This was unusual, and the government, unsurprisingly, appealed. The Fifth Circuit panel who heard the appeal narrowed the preliminary injunction. Instead of forbidding any connection, it now forbade agencies to “coerce” or “significantly influence” social media. The problem is that in its lengthy decision, the court characterized it as coercion activities that did not include any direct threats and the decision is fairly seen as accepting, in essence, a conspiracy theory

Let me be clear: the government ordering social media or coercing or threatening it to remove (or deemphasize) content that the government dislikes, or to promote content the government likes, is something nobody reasonably wants. If you don’t think so, think back for a moment about the last five or six presidents of the United States.

Whatever your political views, I bet there are at least two or three there that you do not want to have the ability to decide what is or is not misinformation and what social media should let you see. This is why, I think, the Supreme Court was unanimous in its ruling in NRA v Vullo, where the Court allowed a case in which plaintiffs – NRA – convincingly made a case that the New York Department of Financial Services coerced companies not to do business with them. Government should not have the power to silence others’ speech directly, because that’s dangerous – and sooner or later it would come back to bite you, whichever side of the political spectrum you’re on. 

On the other hand, government interaction with social media, pressure, etc, is normal. Business as usual. And social media companies have a long history of ignoring or shrugging off government pressures when they don’t fit their interests, including by refusing to take down misinformation. If you go back to articles in 2019, the main complaint was that the government was not doing enough to regulate social media, and social media was causing harm – though the government was asking social media and pressuring the companies then, too.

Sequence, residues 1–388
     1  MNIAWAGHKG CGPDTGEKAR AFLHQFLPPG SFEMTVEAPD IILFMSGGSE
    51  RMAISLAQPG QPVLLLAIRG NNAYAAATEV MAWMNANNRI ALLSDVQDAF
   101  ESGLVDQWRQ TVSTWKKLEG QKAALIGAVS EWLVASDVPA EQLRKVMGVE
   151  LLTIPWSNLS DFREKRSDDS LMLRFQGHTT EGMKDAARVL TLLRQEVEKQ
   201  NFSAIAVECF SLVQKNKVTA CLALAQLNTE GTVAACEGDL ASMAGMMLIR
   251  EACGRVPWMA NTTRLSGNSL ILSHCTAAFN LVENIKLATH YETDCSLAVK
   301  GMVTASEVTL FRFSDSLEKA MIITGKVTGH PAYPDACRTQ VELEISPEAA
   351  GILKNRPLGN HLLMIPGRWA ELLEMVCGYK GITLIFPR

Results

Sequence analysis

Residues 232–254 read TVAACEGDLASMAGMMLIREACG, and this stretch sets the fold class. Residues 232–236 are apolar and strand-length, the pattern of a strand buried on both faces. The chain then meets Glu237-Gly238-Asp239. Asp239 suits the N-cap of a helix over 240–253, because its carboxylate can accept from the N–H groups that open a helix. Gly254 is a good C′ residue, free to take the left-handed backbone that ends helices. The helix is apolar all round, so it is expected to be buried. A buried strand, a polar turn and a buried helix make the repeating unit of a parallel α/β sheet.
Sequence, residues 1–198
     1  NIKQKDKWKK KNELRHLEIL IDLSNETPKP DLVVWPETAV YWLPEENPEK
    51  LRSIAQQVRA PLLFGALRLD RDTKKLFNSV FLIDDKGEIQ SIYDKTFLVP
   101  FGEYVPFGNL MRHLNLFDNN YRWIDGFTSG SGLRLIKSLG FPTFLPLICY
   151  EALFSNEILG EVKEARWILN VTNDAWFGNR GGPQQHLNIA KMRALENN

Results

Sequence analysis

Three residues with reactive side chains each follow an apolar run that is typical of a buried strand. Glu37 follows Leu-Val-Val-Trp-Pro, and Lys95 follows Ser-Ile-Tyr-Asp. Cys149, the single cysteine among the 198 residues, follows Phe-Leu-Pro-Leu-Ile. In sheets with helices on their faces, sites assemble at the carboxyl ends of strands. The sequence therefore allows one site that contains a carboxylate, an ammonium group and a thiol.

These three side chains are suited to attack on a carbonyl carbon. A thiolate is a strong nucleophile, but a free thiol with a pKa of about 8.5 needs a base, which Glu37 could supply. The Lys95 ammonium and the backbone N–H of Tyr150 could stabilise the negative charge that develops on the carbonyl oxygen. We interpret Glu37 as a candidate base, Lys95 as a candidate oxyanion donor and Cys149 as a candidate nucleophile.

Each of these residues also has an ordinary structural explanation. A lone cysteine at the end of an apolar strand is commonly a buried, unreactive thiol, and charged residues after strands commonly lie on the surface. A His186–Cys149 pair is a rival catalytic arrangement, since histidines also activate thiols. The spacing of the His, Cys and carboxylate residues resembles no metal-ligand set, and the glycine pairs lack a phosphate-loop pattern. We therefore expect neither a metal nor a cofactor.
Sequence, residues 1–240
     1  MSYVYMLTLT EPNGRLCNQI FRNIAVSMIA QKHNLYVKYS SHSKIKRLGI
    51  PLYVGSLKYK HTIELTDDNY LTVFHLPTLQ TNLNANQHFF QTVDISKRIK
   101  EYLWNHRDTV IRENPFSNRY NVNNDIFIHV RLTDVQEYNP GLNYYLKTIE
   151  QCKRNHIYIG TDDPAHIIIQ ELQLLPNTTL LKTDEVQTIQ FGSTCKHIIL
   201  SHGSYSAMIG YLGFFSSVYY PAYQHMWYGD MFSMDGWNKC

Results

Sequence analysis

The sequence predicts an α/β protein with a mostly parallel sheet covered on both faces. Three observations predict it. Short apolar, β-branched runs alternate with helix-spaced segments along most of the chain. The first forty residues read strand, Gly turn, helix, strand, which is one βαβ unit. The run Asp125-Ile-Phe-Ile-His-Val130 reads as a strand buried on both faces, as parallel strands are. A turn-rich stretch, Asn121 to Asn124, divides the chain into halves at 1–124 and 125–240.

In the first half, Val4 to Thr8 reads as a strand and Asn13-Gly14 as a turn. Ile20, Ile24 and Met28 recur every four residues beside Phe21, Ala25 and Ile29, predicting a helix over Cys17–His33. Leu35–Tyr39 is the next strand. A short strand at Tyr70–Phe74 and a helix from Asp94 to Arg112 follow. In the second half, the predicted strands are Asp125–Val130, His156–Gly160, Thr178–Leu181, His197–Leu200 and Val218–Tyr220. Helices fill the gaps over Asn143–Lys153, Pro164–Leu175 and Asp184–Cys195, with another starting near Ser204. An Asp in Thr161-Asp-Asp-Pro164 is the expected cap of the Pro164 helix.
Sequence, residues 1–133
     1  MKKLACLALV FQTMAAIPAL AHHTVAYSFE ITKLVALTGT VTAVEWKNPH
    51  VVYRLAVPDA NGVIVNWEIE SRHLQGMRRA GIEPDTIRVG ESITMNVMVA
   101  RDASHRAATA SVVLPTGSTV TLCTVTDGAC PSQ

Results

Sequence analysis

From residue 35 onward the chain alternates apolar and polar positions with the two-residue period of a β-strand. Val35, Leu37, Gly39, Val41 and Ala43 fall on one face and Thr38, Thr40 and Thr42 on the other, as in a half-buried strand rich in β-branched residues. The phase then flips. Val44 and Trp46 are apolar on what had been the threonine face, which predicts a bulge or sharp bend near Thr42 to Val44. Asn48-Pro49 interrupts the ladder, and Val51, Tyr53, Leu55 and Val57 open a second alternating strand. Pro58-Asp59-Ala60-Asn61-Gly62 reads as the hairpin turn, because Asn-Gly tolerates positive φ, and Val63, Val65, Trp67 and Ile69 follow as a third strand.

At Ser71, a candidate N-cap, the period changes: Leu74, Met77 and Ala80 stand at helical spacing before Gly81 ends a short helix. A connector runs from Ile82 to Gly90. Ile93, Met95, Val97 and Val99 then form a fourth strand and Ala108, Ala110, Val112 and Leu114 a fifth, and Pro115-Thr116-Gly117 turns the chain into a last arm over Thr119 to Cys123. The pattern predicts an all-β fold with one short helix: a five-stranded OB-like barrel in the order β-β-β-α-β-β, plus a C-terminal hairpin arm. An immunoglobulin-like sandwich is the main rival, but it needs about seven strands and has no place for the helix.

The question is where to draw the line. The problem, in my view, with the Fifth Circuit line was both the heavy drawing on conspiracy theories, ignoring the fact that social media companies – as the Supreme Court pointed out – were already acting on misinformation before the government stepped in, and it’s tricky to attribute the action to the government given the history,  and the inclusion of the interactions with CDC, which the court acknowledges are not coercive. 

But that is not what the Supreme Court decision overturning the injunction focused on.

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The Supreme Court majority decision on Murthy v Missouri

In a 6:3 decision, the Supreme Court overturned the injunction. The majority justices included the three justices appointed by Democratic Presidents – Justices Kagan, Sotomayor, and Jackson – and three justices appointed by Republican Presidents, Justices Barrett (who wrote the opinion), Chief Justice Roberts, and Justice Kavanaugh. Justices Alito, Thomas, and Gorsuch dissented.

The Court did not set or provide us with a test for identifying when government interaction with social media becomes impermissible coercion, as pointed out in this post. Instead, the Court found that the plaintiffs here did not have the right to obtain relief from the federal courts in Murthy v Missouri, because they lacked standing

The idea of the standing doctrine is that in the United States, federal courts have the authority to resolve actual disputes, but not abstract questions, and people cannot bring cases against the government just because they are unhappy with something the government did: they have to have an actual stake.

Taking down your posts is a personal stake, but the issue here is that plaintiffs need to connect government action to the post taken down. If the government took down posts the users made on government websites, they would have standing: the government directly harmed them.

But in this case, the plaintiffs are claiming that the government pressured social media to take posts down, and the danger is that they will do so again, chilling their free speech. What they want the court to do is to tell the government not to pressure or encourage social media platforms to take down their posts or accounts in the future.